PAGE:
The cars were designed by Jean-Albert Grégoire and were initially built in small numbers for competition use though some were used on the road. They used a front-wheel-drive system featuring Grégoire's patented Tracta constant-velocity joint and sliding pillar independent front suspension and a live axle with quarter-elliptic leaf springs at the rear. 1100, 1200, 1500 and 1600 cc engines made by S.C.A.P. were available with optional Cozette supercharger. The 1500 cc car was claimed to reach 80 mph.
The first cars were made in a workshop in Versailles but Grégoire soon moved to a small factory in Asnières. After about 140 cars were made there came a change of engines with larger six-cylinder 2.7-litre units from Continental and 3- and 3.3-litre ones from Hotchkiss fitted in coupé and saloon-bodied road cars.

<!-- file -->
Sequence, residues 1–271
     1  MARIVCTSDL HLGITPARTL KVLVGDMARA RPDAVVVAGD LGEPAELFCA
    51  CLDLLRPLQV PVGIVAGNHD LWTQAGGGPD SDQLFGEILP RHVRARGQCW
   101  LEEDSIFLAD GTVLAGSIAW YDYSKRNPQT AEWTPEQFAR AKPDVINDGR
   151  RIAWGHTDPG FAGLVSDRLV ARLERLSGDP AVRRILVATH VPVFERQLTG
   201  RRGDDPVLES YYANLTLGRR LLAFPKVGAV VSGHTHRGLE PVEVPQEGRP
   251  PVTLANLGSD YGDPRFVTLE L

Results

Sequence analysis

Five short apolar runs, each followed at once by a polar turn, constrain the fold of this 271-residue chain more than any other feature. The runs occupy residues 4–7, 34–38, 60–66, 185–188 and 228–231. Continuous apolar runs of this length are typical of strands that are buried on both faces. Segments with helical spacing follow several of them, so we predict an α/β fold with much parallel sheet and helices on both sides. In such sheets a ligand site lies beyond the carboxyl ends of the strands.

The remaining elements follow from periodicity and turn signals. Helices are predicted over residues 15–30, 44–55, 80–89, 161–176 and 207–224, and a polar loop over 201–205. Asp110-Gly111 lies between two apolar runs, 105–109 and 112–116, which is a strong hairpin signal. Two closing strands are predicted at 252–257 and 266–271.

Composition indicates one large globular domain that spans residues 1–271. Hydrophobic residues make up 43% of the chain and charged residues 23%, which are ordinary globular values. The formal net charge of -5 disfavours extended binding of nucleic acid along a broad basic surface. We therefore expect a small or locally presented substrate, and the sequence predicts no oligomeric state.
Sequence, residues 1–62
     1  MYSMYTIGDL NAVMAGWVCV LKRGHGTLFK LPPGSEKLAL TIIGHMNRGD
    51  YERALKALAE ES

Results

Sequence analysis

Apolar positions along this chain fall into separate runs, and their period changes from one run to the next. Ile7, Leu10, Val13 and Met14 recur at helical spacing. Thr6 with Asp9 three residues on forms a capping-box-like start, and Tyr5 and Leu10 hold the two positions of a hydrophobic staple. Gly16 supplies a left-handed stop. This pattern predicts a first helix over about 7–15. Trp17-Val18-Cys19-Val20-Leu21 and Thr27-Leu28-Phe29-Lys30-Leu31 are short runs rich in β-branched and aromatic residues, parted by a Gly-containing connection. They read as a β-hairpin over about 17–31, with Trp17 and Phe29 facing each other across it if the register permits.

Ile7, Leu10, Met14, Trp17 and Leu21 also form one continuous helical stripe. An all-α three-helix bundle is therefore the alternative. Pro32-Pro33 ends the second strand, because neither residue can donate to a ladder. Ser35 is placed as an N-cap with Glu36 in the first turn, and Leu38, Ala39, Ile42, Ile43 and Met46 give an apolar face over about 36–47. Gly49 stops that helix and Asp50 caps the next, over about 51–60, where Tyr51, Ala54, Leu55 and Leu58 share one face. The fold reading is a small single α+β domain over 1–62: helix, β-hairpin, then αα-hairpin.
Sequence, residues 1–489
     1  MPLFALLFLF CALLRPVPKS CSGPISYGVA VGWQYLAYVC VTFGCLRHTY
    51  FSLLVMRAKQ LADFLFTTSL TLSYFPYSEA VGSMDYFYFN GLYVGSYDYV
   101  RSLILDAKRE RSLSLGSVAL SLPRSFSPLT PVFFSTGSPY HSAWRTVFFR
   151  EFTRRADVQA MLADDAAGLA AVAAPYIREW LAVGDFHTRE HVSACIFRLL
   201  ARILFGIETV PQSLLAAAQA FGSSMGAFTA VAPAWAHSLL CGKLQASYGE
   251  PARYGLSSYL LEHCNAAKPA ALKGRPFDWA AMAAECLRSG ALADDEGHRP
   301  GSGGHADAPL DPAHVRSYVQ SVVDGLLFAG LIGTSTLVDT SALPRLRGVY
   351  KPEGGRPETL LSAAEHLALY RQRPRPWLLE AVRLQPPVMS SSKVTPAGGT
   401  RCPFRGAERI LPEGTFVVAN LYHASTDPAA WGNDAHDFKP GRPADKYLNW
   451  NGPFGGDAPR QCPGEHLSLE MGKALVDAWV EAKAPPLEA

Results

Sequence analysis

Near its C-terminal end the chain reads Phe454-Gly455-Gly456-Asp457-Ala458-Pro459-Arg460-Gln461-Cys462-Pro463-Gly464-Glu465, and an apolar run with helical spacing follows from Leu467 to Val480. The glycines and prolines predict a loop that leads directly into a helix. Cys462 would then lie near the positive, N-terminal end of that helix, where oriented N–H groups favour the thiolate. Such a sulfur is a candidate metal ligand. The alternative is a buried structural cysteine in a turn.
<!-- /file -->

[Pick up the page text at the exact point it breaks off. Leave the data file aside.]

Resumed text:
The company failed to make money from car manufacture and production stopped in 1934. Grégoire kept the factory on for his design and engineering work.
In 1955 Grégoire introduced the prototype of Tracta's Sports Cabriolet, with body by Chapron, front-drive with a 2.2-liter supercharged boxer engine ahead of the front wheels. Only four cars were built.
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1929 Tracta A Le Mans : S.C.A.P. 4-cylinder engine, 995 cc, 45 hp